The exception to this was “Keepers of Urough’s Flame”. I played through this adventure before reading it in the volume. However, as a player, I did not get all of the details Joshua Trujillo writes into the adventure that dismantle the stereotypes in other stories within this collection. Specifically, Urough’s focus on community building and major civic works contrasts the portrayal of Orcs as destructive forces. While occasionally Trujillo uses words like “primitive” to describe some of the Orc artwork, the time-decayed monumental achievements, as illustrated in Cara McGee’s comics page for that adventure, the players boat through significantly counterbalance those descriptors.rolled & told vol. 2

Additionally, various writers coded or explicitly described a number of villains as mentally ill. Another trope that needs to leave RPG writing. In both cases, with the Orcs and mental illness, some writers used these concepts than others. For example, in the short adventure “The Matchmakers” one of the Non Player Characters (NPCs) has severe agoraphobia and social anxiety. The writer, Crystal Frasier, writes these traits as significant for the adventure but not in a negative way, which was refreshing.

That variation is a strength of this collection. Another is the inclusion of essays and art. Many of these provide great inspiration and guidance into a variety of RPG tools. These are as variable as crafting stories through senses, integrating players of various ages into a game, and reevaluating classic monsters. However, as a section “Articles” is disorganized.

While the book design connects each essay, there are over 20 articles that lack thematic organization. The topics jump haphazardly through subjects so as a collected reading experience it was disorienting. I also found this frustrating because Rolled & Told as a series uses organizational headings for the articles.

These headings provide an excellent way to organize the content. Instead, the articles are randomly and unevenly distributed. For example seven articles are under the heading “Running the Game” while only one is designated “House Rules”. Additionally, some of the articles feel miscategorized. One, on underwater adventures, is under “Random Nonsense” when it is about Site and Setting.

Furthermore, this section lacks a table of contents and the volume has no index. This makes it difficult to reference the articles if one wants to use the volume as a resource guide. This barrier to usability makes me question if disrupting the organization of the single issues was the best choice.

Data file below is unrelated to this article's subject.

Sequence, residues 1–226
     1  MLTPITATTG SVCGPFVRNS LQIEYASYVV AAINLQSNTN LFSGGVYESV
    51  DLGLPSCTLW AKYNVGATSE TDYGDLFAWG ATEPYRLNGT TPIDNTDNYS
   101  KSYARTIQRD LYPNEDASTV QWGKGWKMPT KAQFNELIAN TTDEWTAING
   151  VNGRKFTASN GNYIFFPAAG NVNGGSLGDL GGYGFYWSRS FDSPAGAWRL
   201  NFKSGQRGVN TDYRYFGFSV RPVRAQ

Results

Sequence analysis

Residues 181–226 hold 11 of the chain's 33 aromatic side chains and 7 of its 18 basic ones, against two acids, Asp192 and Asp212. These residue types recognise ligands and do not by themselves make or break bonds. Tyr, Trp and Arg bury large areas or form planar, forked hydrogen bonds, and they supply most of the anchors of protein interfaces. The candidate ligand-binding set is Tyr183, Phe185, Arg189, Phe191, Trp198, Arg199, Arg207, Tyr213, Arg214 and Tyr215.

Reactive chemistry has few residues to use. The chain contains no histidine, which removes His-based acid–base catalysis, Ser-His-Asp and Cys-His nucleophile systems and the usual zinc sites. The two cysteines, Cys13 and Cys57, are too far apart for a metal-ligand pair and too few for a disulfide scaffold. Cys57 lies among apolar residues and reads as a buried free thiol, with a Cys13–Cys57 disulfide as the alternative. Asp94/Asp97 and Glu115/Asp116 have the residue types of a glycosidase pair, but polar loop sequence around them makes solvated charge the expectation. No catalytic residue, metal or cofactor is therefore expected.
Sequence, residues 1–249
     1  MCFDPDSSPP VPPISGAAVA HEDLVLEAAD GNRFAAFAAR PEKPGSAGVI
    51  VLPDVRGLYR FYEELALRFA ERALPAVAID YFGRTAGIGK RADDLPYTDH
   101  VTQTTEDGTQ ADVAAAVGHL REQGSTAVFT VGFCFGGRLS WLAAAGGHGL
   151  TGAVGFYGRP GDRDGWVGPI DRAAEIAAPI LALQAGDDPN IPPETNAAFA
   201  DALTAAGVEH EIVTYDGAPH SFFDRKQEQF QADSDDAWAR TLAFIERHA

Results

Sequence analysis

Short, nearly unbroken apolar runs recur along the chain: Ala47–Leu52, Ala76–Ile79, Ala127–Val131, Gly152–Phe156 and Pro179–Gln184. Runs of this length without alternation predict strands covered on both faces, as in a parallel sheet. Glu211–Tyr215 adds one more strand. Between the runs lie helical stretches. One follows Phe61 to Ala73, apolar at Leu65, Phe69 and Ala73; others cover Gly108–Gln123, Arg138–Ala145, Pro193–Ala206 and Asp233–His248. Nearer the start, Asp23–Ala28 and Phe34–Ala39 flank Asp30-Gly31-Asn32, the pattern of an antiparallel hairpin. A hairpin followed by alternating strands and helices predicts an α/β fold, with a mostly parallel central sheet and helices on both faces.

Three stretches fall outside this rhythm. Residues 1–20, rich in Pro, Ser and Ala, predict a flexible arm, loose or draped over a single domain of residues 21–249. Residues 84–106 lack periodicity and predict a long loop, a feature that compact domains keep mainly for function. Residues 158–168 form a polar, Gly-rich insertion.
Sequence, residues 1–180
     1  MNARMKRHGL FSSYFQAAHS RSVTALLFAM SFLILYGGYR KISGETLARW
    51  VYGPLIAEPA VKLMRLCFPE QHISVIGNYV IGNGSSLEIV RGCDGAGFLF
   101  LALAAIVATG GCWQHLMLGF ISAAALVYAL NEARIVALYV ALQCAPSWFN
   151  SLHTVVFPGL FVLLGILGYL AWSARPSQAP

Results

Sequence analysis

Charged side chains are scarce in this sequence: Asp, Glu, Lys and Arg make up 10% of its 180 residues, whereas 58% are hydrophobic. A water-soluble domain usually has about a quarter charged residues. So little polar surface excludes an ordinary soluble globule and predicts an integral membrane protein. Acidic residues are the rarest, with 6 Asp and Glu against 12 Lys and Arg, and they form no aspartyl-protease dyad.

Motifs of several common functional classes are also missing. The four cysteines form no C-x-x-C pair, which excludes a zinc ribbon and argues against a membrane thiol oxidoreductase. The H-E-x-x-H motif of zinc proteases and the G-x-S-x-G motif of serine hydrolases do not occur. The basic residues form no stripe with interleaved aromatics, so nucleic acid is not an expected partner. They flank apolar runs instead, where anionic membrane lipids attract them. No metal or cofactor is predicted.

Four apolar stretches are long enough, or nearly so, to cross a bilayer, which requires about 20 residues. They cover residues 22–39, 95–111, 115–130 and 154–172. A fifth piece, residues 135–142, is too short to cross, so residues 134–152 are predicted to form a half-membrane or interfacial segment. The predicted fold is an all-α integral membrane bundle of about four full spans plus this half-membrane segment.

Lastly, while I like the concept of the Gallery section, out of context the art feels underused. Particularly because the art in that section illustrates specific adventures or articles. For example, Ea Denich’s splash page comes right after “A Tale of Two Gnomes,” in issue #9. That art illustrates the Bone Tailor’s Workshop, giving visual cues for the unsettling nature of the place. However, in the collected volume that page is roughly 200 pages away from its adventure. Additionally, it requires the reader to remember a specific room from a specific adventure to understand its importance to the volume.

I hope future collections of Rolled & Told integrate these sections or preserve the original publication style. For example, issue #11 combines most if not all of the information about underwater or seafaring stories. Having those articles, adventures, and art together aides using those resources for that kind of story. If they choose to break the single issue structure, it would be valuable to use articles like “Homebrew Homeschool” as introductions or conclusions to the volume rather than general articles.

Rolled & Told Volume 2 is best used as what it is, a reference and guide to one-shot adventures. And I hope future volumes improve usability. Regardless of this, the stories, articles, art, and heroes of the volume are generally a lot of fun. They provide a detailed, diverse, and rich set of stories for playing and inspiration for how to play that are enjoyable for all.

Note: Information about the single issue’s structures were not included in the volume. Issue #9 information came from this review’s author’s collection and aid in information for issue #11 was provided by Mychal Ludwig.

Paulina Przystupa

Paulina Przystupa

Paulina (aka @punuckish) is a Filipine-Polish archaeologist and anthropology graduate student who grew up in the Pacific Northwest and loves comics and pop culture. Her academic work focuses on how buildings and landscapes aid or impede the learning of culture by children. In general, she is an over-educated fan of things; primarily comics, comics-related properties, cartoons, science-fiction, and fantasy. This means she takes what she knows and uses it to critique what she loves. Recently, she has brought such discussions to the public by organizing and moderating panels at comic cons centered on anthropology/culture related topics.